California Gov. Jerry Brown has signed a bill that orders faith-based organizations to refer women to abortionists, even though the same idea was tried in New York and failed.

Brown’s signature on AB 775 already has triggered a series of lawsuits, because it forces religious pregnancy clinics to tell women and girls that California has public programs to provide immediate, free or low-cost abortions.

The Pacific Justice Institute announced Monday the filing of lawsuits in both Southern and Northern California on behalf of clinics.

The organizations provide free medical services and counseling “as an alternative option to abortion to women facing unwanted pregnancies,” the organization said.

“Forcing a religious pro-life charity to proclaim a pro-abortion declaration is on its face an egregious violation of both the free speech and free exercises clauses of the First Amendment,” said Brad Dacus, president of the institute.

“We will not rest until this government mandate is completely halted,” he said.

The complaint argues the law forces Christian medical clinics to issue messages that violate their beliefs.

“The content of the government message memorialized in AB 775 directly contradicts the foundational religious principles upon which A Woman’s Friend operates, as well as the message it conveys to its clients regarding abortion,” the complaint explains. “As a result, A Woman’s Friend is subject to imminent adverse enforcement action against it by defendant.”

The law’s message is: “California has public programs that provide immediate free or low-cost access to comprehensive family planning services (including allocating FDA-approved methods of contraception), prenatal care, and abortion for eligible women. To determine whether you qualify, contact the county social services office at (insert the telephone number).”

It also requires that the message not only be handed out but also posted on the walls of waiting rooms on signs with specified dimensions.

The clinic, A Woman’s Friend, “offers, and will continue to offer, to women and girls a variety of services at its clinic.”

“Said services include medical consultations, pregnancy testing, ultrasound examinations and medical referrals. The plaintiff also provides education related to sexually transmitted diseases and infections, information and abortion procedures, prenatal education, nutrition information and fetal development education.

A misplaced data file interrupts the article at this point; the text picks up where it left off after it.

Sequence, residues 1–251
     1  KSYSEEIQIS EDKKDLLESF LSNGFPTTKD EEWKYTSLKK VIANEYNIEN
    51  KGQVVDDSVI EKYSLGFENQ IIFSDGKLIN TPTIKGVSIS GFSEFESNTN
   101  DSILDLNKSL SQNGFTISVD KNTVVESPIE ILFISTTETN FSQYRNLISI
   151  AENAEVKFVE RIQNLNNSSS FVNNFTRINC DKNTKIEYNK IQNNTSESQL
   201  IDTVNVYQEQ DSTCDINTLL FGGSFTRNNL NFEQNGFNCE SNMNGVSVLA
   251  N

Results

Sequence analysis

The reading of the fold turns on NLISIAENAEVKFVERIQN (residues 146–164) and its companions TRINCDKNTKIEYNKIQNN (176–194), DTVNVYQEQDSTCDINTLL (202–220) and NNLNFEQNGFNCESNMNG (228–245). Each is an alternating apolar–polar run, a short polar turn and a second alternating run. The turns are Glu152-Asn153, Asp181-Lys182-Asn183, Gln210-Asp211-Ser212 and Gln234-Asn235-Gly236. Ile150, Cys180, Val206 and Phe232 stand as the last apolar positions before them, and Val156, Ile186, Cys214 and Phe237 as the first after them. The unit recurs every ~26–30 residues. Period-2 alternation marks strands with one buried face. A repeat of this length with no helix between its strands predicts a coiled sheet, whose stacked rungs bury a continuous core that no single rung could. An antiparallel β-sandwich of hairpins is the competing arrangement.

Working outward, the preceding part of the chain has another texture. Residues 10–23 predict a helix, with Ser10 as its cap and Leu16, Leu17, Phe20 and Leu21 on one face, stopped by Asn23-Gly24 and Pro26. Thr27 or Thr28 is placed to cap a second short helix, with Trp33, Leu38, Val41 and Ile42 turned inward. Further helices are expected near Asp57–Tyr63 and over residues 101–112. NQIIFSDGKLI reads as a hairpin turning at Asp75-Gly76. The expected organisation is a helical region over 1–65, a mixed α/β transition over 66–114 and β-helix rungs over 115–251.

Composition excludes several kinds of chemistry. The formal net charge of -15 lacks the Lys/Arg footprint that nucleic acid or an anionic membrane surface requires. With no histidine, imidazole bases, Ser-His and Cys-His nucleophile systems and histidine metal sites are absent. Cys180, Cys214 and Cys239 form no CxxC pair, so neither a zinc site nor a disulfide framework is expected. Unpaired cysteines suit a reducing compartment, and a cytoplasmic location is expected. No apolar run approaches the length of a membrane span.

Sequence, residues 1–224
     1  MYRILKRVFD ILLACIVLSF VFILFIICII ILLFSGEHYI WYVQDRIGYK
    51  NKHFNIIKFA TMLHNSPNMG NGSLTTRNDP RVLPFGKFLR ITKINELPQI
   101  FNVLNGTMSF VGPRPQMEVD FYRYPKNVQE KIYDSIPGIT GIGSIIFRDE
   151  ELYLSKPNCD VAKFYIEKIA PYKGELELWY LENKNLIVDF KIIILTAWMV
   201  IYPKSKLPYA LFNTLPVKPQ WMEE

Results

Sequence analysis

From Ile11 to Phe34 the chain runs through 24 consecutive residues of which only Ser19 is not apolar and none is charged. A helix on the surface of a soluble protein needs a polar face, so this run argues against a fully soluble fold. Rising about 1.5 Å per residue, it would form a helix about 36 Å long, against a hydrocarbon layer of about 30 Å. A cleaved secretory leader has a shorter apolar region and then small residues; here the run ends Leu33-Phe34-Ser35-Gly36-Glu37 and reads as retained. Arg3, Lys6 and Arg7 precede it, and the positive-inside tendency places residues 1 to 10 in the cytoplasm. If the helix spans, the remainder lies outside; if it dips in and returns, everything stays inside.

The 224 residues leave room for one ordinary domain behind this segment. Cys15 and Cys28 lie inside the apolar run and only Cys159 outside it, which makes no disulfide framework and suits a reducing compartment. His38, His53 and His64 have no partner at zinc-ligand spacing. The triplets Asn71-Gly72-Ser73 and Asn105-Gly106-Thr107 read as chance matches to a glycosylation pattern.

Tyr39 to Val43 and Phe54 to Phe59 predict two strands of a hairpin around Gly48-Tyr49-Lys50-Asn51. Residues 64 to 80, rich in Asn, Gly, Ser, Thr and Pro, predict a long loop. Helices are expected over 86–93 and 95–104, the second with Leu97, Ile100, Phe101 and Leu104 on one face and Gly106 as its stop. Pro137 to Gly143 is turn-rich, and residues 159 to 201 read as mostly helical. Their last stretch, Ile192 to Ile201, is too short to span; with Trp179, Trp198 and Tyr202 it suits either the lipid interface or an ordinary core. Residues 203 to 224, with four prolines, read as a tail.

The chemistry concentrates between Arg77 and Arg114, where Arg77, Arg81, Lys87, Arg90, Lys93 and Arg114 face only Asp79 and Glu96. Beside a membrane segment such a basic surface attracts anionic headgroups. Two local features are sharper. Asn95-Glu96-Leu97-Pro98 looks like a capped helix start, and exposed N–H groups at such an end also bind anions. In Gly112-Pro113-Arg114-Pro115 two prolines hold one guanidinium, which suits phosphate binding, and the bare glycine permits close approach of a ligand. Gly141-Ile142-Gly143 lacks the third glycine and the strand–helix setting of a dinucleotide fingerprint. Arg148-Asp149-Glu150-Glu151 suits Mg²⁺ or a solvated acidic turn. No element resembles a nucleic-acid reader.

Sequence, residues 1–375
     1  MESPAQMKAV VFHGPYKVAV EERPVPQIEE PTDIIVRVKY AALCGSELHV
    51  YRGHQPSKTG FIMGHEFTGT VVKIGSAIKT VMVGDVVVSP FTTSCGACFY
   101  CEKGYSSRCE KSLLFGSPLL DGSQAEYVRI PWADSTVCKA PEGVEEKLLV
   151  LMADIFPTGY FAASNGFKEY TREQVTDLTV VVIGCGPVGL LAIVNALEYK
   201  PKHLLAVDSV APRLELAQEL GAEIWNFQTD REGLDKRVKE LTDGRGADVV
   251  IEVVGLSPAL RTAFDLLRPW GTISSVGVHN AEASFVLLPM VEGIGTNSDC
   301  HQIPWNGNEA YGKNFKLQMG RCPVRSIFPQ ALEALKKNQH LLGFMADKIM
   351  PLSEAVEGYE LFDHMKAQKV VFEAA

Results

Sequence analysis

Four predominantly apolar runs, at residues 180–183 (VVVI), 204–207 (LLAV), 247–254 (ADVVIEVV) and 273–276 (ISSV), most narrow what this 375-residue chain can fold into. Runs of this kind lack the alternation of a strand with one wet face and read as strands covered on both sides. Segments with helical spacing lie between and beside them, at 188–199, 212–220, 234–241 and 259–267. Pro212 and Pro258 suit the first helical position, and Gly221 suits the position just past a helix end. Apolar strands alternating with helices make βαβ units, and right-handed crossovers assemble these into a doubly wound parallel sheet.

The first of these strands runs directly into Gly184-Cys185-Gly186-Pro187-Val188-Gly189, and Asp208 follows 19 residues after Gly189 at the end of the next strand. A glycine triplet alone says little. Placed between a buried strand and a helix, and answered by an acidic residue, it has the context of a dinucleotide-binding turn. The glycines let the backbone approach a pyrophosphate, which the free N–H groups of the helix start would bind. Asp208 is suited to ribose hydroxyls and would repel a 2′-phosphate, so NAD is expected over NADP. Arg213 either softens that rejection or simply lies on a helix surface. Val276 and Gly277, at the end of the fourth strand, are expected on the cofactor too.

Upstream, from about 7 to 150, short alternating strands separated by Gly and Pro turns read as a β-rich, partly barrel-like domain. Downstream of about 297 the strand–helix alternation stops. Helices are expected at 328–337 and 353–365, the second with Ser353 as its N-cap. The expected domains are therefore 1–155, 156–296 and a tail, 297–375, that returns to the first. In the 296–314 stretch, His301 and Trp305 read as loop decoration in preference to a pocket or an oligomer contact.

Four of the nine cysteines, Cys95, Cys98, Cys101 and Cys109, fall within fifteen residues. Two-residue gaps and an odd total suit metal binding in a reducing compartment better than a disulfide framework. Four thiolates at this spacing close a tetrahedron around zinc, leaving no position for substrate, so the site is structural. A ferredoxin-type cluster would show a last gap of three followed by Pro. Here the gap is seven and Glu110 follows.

“They also provide Bible-based post abortion emotional and spiritual healing and recovery courses, and other practical support related to pregnancy,” he said.

It does not, the complaint explains, “counsel girls and women to obtain abortions.”

“A Woman’s Friend holds the biblically based conviction that human life is a precious gift of immeasurable value given by God and that the taking of innocent human life by abortion is evil and a sin.”

The second organization cited in the complaint is the Crisis Pregnancy Center of Northern California, which offers services similar to A Woman’s Friend.

For both, the complaint states: “The requirement that plaintiffs disseminate the state of California’s message for which the clinic disagrees violates its rights under the First Amendment to the United States Constitution, as made applicable to the state through the Fourteenth Amendment. The law mandates speech that plaintiffs would not otherwise make.”

It continues, “At a minimum, the act unconstitutionally compels plaintiffs to speak [a] message that they have not chosen, with which they do not agree, and that distract, and detract from, the messages they have chosen to speak.”

The lawsuit seeks a judgment that the law is unconstitutional and cannot be enforced.

“The context of delivering this government message is the center of a public debate over the morality and efficacy of abortion, for which these clinics provide alternatives,” the lawsuit reads.

WND reported the resolution to a similar case in New York.

At the time, constitutional attorney Herbert W. Titus of William J. Olson, P.C. told WND that according to the First Amendment, you “can’t be forced to carry someone else’s message.”

In New York, the 2nd Circuit Court of Appeals said the state could require crisis pregnancy centers to disclose whether they have a licensed medical provider on staff but not whether the center provides abortions or referrals, because that runs afoul of the First Amendment.

The ruling was left untouched by the Supreme Court.

Titus, who has taught constitutional law, common law and other subjects for decades at several universities, said it’s “not the government’s business to force anybody to carry the message of anyone else.”

“That is certainly what’s being done here.”

Thomas Jefferson, he noted, described that very action as “sinful and tyrannical.”

“It’s fairly typical of California, [which is] always on the cutting edge of making us more and more like a fascist country, in which the state determines what we can say and what we can’t say,” Titus told WND.

Titus also has served as a trial attorney and special assistant U.S. attorney with the Department of Justice. He holds degrees from Harvard and the University of Oregon and for several years had his own daily radio program. He has testified on constitutional issues before Congress and state legislatures.

The California bill makes no attempt at accommodation.


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